Wizards, dwarves, goblins and elves - Tolkien, right? Wrong, it's Alan Garner's "Weirdstone of Brisingamen," a spellbinding story in the true tradition of imaginative and inventive fantasy. Garner isn't as well-known as he deserves, but fantasy fans will gobble this right up.
Colin and Susan, a pair of English schoolkids, are sent to Alderly for a six-month vacation with their mother's old nurse and her husband. Things start off normally enough, with the kids exploring the area and the myths, legends and superstitions surrounding it. But things begin to take an eerie turn when they encounter a spell-chanting old woman named Selina Place - and then a horde of svart-alfar, hideous and hostile goblins.
They are unexpectedly rescued by the wizard Cadellin, who is the keeper of a company of knights sleeping deep under Alderly. They will awaken at some time in the future, to combat the evil spirit Nastrond and his minions in the final, magical battle. There's just one problem: long ago, Cadellin lost the Weirdstone of Brisingamen, the magical jewel that bound the knights there in the first place. Susan realizes too late that the little misty teardrop gem in her bracelet is the Weirdstone - and it's been stolen. The kids team up with Cadellin, the dwarves Fenodyree and Durathror, the lios-alfar (elves), and their friend Gowther to find the Weirdstone - and save the world.
Written in the 1960s, this book effectively combines the English-schoolkids-swept-into-magical adventure subgenre with mythology and the overlap of our world with another. Garner's wizards, dwarves, elves and goblins are as legit as Tolkien's, as Garner draws heavily from mythos and legends. There are similarities to Tolkien's creations, but they are sufficiently different that not once do you feel the need to compare. Garner lifts from Norse and Celtic mythologies for this book (mentions of the Morrigan and Ragnarok are featured within pages of one another) and manages to cobble it together into a coherent and believable whole.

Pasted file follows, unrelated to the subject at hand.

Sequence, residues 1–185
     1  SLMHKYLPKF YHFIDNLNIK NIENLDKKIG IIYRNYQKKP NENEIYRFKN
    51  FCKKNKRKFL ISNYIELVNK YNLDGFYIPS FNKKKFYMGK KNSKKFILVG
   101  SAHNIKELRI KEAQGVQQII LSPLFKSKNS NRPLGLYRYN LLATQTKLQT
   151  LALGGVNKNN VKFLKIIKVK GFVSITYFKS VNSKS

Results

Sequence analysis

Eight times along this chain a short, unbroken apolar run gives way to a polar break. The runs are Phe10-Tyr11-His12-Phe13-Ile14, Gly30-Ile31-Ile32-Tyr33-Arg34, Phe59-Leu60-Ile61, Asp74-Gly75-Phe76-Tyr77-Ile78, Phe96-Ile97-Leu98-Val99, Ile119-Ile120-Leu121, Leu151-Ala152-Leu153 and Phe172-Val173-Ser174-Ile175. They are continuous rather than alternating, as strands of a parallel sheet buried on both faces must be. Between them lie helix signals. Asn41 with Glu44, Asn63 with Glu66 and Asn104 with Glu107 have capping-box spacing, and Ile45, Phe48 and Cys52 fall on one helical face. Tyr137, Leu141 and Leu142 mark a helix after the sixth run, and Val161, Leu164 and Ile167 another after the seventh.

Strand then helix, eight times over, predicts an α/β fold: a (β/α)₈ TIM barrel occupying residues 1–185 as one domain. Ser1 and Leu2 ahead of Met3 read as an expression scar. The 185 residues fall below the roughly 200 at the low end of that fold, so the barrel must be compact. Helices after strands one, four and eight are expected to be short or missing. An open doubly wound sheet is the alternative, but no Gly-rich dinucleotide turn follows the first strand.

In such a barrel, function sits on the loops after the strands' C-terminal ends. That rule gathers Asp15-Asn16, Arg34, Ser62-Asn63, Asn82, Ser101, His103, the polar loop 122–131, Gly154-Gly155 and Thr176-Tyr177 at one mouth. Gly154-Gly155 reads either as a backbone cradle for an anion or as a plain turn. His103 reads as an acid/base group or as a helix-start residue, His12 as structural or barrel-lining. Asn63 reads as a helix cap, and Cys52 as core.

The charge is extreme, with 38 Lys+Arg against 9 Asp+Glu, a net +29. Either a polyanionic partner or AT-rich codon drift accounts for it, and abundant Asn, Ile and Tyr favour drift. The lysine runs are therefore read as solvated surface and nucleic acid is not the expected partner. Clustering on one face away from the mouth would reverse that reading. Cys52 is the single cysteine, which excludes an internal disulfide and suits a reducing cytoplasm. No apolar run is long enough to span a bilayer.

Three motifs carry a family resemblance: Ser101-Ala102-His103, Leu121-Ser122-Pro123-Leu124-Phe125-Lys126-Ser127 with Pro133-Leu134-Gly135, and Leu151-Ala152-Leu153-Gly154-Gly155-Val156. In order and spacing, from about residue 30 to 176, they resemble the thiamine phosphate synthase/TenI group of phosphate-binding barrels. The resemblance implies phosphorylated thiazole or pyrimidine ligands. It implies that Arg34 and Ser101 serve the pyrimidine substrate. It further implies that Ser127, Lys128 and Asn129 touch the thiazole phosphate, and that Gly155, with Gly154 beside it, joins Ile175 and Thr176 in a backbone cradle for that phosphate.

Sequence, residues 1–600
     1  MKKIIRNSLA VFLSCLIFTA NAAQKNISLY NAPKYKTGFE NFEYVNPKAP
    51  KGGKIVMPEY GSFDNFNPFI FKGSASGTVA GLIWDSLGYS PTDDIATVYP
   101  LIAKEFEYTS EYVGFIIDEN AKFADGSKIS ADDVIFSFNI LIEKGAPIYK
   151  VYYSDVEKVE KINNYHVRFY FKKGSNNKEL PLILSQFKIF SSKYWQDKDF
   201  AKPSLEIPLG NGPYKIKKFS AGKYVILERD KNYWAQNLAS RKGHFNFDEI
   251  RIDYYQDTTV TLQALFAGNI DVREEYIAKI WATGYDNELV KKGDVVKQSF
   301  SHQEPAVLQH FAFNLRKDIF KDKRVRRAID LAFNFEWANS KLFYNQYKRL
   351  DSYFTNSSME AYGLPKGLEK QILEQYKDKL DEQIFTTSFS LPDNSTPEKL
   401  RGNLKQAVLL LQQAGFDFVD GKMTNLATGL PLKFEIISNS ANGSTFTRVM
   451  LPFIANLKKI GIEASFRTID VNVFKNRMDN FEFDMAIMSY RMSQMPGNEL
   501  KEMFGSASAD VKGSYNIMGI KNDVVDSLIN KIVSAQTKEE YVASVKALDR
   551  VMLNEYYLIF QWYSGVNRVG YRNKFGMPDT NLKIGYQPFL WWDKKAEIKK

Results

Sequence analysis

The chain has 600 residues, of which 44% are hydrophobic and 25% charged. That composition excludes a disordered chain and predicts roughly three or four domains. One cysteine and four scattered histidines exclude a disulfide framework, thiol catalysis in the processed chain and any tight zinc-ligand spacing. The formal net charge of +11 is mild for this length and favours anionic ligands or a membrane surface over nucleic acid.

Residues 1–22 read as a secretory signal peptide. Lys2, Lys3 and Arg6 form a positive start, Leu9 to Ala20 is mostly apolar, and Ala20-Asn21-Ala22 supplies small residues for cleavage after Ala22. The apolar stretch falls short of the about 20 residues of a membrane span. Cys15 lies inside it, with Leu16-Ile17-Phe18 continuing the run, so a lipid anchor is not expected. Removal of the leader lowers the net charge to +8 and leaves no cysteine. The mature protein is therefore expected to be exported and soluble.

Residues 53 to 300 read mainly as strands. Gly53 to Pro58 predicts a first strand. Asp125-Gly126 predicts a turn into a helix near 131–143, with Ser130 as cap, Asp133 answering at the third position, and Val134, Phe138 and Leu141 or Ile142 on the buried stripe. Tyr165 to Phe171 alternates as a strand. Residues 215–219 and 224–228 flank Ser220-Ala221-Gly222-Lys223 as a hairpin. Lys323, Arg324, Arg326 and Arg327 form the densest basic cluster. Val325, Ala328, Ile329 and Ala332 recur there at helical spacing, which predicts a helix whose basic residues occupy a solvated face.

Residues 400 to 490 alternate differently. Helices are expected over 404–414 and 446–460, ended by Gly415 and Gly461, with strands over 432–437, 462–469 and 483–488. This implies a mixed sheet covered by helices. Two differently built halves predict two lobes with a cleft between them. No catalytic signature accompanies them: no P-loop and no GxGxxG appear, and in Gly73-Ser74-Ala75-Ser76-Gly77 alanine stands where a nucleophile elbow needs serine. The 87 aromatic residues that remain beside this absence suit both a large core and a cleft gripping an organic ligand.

Alderly is effectively shown - from the moment the kids venture out of the farm, you get the sense that enchantment is thrumming through the land, and that a magical creature could be lurking nearby. The sense of atmosphere is somewhat stunted by the fact that we rarely hear the characters' thoughts, though, but such creatures as the svart-alfar and the lios-alfar are effective in the simple, evocative descriptions.
This is a book more for Tolkien fans than Diana Wynne-Jones fans. Though there are a few funny parts, it is overall a relentlessly serious book, with many of the characters using archaic-sounding language. Another good thing: the kids speak like twentieth-century preteens ("That WOULD have made a mess of things!") while such characters as Durathror speaking like warriors from centuries ago ("... for there I think it will be, and so to Fundindelve, where I shall join you if I may.") In addition, there is no cutesy magic or gimmickry, or casual magical elements popping up every page or two. The magic featured in here is deadly serious and very intense.
Colin and Susan are the archetypical kids-on-holiday-in-magical-place: brave, respectful, inquisitive, curious, and in completely over their heads. Cadellin is an excellent wizard, dignified and powerful but sufficiently human to be sympathetic, such as his reaction when he hears that the Weirdstone has been stolen from Susan. This guy deserves a seat right below Gandalf, and alongside Merlin, Ged and Ebenezum. The dwarves are serious and unusually cool-headed for the fantasy portrayal of dwarves; the lios-alfar are featured less prominently, but the "elves of light" passage is one of the most moving paragraphs in the book, both sad and beautiful.
The only problem with this book is its shortness, and its presence as only one of two. The tales of Alderly are so rich that you feel that Garner could have churned out fifty books and never grown stale. If you are a fan of serious fantasy, for any age, read this book, and the sequel "Moon of Gomrath."